TheVerge gadget website finally caught onto to what theOpenSourcery readers have known about 3 weeks ago. The next dynamite NUI-Natural User Interface that is going to sweep the Consumer Computing scene is LeapMotion’s SuperKinect, 3D pointer tool which will hopefully do away with both the mouse and all variety’s of trackpads over the long haul. But all this is a test of Post PC versus Classic PC technology innovation across the Computing industry and graphics Software in particular.
Clearly everybody knows now that there is a game changing UI and pointing technology that is cheap, super versatile and going to hit the PC market [Linux, Mac, Windows] sometime between December 2012 to February 2013]. Now three questions immediately arise:
First: What Does Microsoft Do About LeapMotion?
Lets face it LeapMotion’s 3D Tool obsoletes the current Kinect technology. It also may be a rescue agent for Windows 8 that has collected the ire of classic Windows 7 developers because touch screen operations are given preferential treatment in the new Metro Style UI to the disadvanatge of classic Desktop UI user. With a LeapMotion device attached suddenly Windows 8 users don’t have to Metro-envy.
But Microsoft has to resolve more than what to do with future Kinect commitments. They have $59billion in the cash coffers. they [or Apple or Google] could buy the technology easily. But is it easily copied or duplicated – how big and effective are the patent moats surrounding LeapMotions tool. And of course what are the antitrust implications of a purchase and proprietizing of the technology?
Second: Which Hardware Vendors are first to take advantage of LeapMotion?
The Post PC iDevices are supposed to be indicative of which technology companies and hardware providers can innovative fastest. Will it be the smartphone or tablet vendors that embrace LeapMotion first? Will Google embed this in one of their “reference tablets”? Or will Tim Cook finally prove that he has the Jobsian innovation savvy and put a device in iPads and Macs? Not likely since they have touch capabilities already.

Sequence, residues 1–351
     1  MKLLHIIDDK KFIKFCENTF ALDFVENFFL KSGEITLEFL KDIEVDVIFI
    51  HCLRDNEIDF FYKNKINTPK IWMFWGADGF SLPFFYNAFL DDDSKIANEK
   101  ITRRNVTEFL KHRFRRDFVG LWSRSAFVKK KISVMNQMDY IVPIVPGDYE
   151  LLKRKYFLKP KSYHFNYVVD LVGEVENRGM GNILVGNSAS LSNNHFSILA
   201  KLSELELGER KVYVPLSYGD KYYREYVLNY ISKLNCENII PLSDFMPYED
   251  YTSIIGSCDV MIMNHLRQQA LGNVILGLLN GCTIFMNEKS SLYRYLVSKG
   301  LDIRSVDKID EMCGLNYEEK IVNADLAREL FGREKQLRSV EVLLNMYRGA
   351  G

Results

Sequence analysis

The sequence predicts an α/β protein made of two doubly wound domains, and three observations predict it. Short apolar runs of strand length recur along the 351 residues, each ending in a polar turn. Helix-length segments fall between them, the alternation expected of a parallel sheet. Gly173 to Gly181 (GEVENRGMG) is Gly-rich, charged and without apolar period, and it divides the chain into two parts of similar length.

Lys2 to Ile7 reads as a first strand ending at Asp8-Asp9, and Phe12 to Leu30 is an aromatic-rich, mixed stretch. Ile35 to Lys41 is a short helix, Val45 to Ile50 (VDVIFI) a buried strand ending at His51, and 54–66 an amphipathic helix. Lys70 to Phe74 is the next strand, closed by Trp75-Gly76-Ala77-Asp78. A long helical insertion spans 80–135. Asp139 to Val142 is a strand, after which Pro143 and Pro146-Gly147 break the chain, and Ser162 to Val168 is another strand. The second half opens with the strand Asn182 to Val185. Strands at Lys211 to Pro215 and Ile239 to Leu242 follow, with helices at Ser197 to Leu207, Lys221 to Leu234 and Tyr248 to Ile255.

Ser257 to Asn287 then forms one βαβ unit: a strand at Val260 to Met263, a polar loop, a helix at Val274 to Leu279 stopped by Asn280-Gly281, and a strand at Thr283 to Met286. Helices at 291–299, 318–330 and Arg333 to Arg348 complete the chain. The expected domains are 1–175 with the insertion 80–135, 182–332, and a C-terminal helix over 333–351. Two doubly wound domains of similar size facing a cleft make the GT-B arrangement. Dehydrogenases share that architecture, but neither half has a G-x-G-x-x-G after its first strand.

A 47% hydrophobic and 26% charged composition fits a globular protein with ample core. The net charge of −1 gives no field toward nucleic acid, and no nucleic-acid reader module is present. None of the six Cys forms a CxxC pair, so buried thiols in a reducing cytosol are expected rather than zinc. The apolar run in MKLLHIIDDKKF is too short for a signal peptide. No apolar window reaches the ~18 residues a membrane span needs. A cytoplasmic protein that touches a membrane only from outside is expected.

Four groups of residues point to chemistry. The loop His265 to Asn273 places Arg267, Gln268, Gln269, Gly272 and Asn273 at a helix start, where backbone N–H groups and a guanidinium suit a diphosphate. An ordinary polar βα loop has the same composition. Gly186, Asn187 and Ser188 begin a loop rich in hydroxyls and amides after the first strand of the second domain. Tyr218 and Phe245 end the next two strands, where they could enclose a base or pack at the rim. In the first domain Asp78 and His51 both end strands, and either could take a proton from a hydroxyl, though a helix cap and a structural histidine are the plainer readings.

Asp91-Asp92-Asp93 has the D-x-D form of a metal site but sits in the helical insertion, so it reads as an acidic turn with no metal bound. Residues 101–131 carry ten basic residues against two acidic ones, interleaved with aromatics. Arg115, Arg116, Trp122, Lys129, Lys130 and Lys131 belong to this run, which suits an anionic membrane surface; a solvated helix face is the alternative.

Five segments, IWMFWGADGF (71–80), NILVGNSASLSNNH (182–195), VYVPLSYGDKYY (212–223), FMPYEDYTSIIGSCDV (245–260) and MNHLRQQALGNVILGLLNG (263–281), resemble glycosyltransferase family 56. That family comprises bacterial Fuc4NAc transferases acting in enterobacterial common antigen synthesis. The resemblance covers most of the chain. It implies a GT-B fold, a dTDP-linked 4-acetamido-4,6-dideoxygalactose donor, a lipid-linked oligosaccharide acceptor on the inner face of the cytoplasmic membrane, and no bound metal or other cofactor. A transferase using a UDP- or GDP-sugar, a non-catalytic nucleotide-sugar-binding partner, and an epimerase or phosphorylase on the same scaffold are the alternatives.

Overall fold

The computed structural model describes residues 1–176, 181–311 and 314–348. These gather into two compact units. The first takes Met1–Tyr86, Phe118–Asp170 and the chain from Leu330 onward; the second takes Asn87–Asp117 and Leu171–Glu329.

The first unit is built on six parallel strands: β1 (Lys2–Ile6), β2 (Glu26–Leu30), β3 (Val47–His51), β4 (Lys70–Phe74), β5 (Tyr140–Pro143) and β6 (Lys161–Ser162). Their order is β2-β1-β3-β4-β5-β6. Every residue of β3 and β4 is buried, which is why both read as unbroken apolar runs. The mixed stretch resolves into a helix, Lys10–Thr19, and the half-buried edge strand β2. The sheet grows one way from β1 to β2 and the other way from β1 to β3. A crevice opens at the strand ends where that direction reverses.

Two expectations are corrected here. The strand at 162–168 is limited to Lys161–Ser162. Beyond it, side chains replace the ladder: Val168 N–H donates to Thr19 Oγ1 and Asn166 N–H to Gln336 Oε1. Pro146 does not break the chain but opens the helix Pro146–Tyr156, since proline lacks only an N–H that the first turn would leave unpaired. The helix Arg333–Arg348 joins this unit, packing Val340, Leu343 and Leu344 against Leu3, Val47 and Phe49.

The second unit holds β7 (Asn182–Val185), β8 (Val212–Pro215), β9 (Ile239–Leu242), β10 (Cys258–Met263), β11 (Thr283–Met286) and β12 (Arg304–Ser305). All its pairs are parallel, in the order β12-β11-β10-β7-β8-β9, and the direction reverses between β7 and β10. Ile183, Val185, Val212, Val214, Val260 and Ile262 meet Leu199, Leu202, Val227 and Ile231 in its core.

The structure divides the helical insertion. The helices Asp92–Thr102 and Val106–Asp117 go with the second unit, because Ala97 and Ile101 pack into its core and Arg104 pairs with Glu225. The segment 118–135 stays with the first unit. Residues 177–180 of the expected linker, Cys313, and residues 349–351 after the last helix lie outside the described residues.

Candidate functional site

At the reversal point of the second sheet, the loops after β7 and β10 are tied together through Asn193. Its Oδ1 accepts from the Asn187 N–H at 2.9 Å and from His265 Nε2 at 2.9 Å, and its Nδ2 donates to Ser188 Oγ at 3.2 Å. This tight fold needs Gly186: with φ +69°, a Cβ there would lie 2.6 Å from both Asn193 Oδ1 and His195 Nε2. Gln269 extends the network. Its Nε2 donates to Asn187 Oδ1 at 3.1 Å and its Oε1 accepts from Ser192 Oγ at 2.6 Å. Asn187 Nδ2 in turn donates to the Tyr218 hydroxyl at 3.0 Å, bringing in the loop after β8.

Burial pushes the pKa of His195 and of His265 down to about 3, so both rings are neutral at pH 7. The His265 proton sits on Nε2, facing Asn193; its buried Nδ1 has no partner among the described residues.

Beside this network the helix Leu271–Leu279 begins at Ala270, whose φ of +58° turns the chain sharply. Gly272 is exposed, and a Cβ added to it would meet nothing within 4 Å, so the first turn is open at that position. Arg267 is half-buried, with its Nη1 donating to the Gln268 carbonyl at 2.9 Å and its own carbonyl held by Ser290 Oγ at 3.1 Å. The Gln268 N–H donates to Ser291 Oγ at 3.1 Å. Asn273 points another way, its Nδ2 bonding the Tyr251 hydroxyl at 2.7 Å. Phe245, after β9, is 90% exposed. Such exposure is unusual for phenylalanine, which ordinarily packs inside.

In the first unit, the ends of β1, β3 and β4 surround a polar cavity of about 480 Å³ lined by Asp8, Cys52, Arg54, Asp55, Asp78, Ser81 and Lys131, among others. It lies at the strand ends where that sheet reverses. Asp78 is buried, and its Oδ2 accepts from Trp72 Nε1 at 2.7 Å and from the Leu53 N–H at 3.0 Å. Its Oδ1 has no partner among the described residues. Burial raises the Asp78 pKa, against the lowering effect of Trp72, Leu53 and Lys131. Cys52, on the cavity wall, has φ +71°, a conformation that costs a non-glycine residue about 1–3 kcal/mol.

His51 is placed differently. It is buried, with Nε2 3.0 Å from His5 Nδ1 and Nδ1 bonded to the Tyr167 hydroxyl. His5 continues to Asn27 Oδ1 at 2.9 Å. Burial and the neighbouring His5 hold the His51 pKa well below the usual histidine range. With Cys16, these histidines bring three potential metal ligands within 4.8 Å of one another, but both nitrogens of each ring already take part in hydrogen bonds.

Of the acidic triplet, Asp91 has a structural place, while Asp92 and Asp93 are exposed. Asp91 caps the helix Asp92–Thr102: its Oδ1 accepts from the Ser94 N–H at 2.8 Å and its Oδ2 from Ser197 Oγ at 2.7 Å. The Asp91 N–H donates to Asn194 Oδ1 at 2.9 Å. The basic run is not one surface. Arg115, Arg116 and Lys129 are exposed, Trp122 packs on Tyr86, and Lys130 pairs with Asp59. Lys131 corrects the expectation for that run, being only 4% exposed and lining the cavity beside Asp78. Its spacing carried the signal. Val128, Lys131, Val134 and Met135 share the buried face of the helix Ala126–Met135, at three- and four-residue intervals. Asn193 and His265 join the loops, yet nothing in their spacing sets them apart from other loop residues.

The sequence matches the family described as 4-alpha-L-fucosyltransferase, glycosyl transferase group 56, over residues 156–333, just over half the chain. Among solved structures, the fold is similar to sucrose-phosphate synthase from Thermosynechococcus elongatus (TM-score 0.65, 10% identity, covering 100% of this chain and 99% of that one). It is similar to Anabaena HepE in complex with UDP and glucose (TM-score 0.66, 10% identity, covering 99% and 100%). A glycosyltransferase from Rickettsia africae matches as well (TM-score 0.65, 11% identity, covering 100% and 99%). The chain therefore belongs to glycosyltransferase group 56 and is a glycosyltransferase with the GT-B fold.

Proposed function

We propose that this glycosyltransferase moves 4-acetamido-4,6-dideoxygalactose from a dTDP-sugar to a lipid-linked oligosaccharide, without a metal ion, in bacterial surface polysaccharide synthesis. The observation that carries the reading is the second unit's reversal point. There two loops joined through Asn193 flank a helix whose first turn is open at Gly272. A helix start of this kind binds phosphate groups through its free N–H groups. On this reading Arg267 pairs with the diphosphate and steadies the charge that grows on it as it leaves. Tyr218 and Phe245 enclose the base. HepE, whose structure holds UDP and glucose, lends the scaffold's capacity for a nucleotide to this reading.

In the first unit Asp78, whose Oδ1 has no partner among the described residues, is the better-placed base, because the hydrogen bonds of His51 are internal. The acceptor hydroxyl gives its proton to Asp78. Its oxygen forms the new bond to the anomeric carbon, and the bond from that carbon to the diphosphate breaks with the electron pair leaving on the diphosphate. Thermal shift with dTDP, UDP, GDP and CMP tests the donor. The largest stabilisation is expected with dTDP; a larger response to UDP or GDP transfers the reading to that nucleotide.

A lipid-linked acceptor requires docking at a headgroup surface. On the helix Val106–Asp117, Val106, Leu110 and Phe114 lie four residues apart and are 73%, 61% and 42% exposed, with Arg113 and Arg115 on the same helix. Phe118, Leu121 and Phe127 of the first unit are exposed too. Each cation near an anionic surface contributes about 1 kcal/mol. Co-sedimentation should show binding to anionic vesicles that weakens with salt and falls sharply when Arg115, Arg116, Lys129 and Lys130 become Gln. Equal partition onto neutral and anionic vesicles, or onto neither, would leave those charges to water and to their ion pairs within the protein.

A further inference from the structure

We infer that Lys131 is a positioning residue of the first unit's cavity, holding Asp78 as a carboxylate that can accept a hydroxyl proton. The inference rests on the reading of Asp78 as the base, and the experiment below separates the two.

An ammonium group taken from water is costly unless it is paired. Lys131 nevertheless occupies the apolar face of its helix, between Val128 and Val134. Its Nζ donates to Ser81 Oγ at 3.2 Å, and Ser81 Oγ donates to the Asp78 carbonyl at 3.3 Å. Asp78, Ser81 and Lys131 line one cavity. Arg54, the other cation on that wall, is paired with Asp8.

So will it be the US or Asian PC manufacturers who will be looking for ways to differentiate themselves from each other and their Microsoft, “its onlya reference” Surface Pro, hardware competitor? Or will it be game players like Sony and Nintendo both reeling from the combined Xbox and tablet incursions? And how will Wacom with Cintiq and their pressure sensitive stylus be able to play against such a formidable competitor. Or does tilt orientation and pressure detection, plus speed of motion give Wacom insulation against the the new LeapMotion 3D tool?
Third: Which Software Vendors will Leap into Motion first?
Software vendors, particularly the graphics software vendors like AutoCAD and Adobe, are a)looking for new and exciting features and b) ways to fend off the increasingly invasive OS vendors like Apple [Aperture, Garageband, Final Cut Pro, etc] and Microsoft[Metro, SilverLight, Visio, etc]. Now having a SDK that provides 3D precise control on a quickness and accuracy unheard of – well one can think of some advantages to these vendors. Or will it be the PostPC app vendors that embrace the technology first. Personally I think it is the game vendors that will be first to grab onto this innovation; but market positions could change with the opportunity opened up for graphics, photofinishing, and highly dense panel rich software and their complex interfaces.
LeapMotion provides a unique opportunity to see how a major, game changing UI innovation gets adopted by player who many times have been accused of being the beneficiaries of Accidental Empires. However, the graphics and media intensive hardware and software vendors appear to have the most at stake because Mission Impossible in UI has just become highly doable.